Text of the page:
Pedicularis groenlandica

Wetlands and landscapes

Data science, water, isotopes, and ecosystems

data science

A brief visualization of R's distribution functions, focusing on the normal distribution

The intent of this post is to provide a visual intuition of the various distribution functions in R, using the normal distribution as an example.

Jason Mercer

7 minutes read

When I first started playing with the distribution functions in R I would always get confused as to what the different name combinations meant. For example, the differences between rnorm(), dnorm(), dt(), rbinom() were all pretty mysterious to me. Now I understand these names are composed of two parts:

Jason Mercer

49 minutes read

Synopsis: Below are a number of examples comparing different ways to use base R, the tidyverse, and data.table. These examples are meant to provide something of a Rosetta Stone (an incomplete comparison of the dialects, but good enough to start the deciphering process) for comparing some common tasks in R using the different dialects. The examples start fairly simply and get progressively harder. I provide some additional information along the way, in case folks are new to R or programming more…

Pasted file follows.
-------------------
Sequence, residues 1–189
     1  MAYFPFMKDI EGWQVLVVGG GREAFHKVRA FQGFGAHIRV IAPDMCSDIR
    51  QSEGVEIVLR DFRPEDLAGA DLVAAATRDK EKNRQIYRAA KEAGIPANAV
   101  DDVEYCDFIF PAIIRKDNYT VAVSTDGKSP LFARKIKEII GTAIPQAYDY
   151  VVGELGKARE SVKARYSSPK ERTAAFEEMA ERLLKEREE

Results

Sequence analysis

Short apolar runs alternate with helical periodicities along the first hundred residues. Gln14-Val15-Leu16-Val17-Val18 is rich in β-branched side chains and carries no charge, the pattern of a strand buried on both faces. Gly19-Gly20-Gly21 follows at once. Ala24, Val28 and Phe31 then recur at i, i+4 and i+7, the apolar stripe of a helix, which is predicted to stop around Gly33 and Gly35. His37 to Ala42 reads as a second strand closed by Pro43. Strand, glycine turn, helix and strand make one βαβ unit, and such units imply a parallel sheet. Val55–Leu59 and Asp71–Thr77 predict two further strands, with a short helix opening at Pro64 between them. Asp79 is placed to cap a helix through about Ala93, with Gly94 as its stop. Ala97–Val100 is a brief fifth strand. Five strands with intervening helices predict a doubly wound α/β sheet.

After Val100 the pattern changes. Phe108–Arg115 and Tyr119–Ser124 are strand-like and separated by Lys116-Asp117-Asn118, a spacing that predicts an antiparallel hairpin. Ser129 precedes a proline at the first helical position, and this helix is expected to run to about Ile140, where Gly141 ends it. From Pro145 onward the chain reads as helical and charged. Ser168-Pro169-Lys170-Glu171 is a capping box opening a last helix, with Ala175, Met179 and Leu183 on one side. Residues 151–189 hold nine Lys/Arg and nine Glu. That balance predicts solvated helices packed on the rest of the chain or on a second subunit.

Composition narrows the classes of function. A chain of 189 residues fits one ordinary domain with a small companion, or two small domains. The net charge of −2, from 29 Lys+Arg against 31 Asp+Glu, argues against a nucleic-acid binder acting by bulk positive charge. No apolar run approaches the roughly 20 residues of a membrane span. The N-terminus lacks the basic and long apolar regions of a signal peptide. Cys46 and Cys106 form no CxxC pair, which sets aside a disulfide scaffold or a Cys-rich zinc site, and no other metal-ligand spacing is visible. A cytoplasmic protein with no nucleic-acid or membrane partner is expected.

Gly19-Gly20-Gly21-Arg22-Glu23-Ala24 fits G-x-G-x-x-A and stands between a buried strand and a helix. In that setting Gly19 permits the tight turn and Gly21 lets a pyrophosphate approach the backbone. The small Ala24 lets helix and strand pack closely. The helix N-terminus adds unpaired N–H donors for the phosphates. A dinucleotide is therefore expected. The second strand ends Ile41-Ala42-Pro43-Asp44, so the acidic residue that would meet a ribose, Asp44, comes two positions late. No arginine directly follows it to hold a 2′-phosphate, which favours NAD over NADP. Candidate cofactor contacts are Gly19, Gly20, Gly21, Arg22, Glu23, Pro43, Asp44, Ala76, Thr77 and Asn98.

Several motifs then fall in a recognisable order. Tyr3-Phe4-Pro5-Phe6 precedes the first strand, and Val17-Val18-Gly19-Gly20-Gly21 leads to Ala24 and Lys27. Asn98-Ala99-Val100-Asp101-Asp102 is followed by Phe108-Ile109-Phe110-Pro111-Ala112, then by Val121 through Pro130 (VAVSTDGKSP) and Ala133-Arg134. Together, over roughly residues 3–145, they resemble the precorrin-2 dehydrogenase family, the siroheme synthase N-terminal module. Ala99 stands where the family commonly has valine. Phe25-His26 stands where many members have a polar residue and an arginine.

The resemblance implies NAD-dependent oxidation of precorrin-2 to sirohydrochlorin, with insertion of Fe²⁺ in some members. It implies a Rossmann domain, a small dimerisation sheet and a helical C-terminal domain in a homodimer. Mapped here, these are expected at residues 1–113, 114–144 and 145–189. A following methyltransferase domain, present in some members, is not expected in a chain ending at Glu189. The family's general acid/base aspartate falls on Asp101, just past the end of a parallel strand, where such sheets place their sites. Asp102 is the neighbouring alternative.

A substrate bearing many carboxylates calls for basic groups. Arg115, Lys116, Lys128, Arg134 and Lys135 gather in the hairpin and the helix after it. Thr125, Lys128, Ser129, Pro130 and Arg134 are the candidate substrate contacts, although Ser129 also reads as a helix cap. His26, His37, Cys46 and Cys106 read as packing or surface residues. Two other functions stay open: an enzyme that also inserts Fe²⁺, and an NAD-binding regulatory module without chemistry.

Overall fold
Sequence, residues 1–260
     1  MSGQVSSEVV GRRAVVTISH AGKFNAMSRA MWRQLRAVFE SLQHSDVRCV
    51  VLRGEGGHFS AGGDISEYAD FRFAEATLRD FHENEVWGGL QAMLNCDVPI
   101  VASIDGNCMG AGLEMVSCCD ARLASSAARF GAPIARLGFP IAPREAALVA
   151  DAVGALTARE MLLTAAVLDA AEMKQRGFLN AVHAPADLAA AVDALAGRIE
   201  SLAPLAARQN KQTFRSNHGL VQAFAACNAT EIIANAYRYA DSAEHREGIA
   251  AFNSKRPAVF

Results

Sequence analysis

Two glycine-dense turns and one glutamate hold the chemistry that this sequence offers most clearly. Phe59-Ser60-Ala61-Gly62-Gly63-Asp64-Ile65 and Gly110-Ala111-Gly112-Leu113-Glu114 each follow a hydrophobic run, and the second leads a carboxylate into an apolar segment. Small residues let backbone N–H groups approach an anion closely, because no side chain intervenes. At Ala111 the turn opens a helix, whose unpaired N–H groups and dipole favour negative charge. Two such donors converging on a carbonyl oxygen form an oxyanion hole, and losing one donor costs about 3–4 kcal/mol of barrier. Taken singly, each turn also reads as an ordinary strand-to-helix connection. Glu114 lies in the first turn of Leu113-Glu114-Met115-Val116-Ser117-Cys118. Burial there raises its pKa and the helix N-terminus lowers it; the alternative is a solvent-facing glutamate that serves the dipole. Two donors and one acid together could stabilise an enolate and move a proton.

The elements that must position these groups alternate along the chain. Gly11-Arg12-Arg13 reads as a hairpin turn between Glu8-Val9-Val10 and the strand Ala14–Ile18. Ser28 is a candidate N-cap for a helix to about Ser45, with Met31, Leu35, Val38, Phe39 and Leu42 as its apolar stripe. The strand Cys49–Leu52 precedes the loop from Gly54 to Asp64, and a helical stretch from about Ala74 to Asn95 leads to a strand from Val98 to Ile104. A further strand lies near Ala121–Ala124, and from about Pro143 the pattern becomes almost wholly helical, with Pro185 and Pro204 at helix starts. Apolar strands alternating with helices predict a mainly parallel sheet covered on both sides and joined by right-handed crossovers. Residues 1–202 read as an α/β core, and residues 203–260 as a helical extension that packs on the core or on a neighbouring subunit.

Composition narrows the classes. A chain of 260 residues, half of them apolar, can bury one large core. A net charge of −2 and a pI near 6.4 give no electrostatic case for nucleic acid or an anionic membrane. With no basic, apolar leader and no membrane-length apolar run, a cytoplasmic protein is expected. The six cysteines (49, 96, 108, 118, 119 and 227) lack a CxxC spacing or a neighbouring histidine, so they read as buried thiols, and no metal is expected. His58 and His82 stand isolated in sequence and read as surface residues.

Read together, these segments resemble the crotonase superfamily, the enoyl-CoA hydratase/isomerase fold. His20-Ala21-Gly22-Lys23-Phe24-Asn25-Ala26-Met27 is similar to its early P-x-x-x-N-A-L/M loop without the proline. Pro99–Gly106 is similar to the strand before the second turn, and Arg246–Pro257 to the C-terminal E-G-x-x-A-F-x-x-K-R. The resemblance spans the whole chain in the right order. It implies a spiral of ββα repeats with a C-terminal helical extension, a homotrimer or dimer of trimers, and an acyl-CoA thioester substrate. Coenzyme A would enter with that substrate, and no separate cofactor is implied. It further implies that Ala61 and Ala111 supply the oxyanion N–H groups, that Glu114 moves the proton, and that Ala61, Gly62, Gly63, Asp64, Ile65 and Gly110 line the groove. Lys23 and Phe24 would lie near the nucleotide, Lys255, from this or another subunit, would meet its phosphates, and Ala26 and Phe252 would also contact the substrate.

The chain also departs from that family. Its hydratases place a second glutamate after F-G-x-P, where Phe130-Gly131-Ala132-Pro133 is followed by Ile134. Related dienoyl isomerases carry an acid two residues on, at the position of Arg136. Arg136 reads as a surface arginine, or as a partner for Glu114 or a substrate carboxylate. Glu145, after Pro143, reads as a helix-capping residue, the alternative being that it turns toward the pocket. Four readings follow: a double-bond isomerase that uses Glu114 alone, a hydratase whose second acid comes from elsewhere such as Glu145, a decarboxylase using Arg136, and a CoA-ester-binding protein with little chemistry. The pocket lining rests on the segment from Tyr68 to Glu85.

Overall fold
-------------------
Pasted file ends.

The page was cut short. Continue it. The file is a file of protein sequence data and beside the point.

Benchmarking R and Rcpp

A speed comparison.

Jason Mercer

7 minutes read

At the UW Data Science Center we’ve been talking speed lately. Generally R is considered a somewhat slow language (though I’m not sure that’s fair). However, there are some excellent packages and interfaces that can drastically speed up R. For example, the Rcpp package acts as an interface between R and C++, thereby allowing useRs to drastically speed-up analysis – or at least that’s the idea.

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I am a PhD candidate at the University of Wyoming, studying mountain wetlandscapes.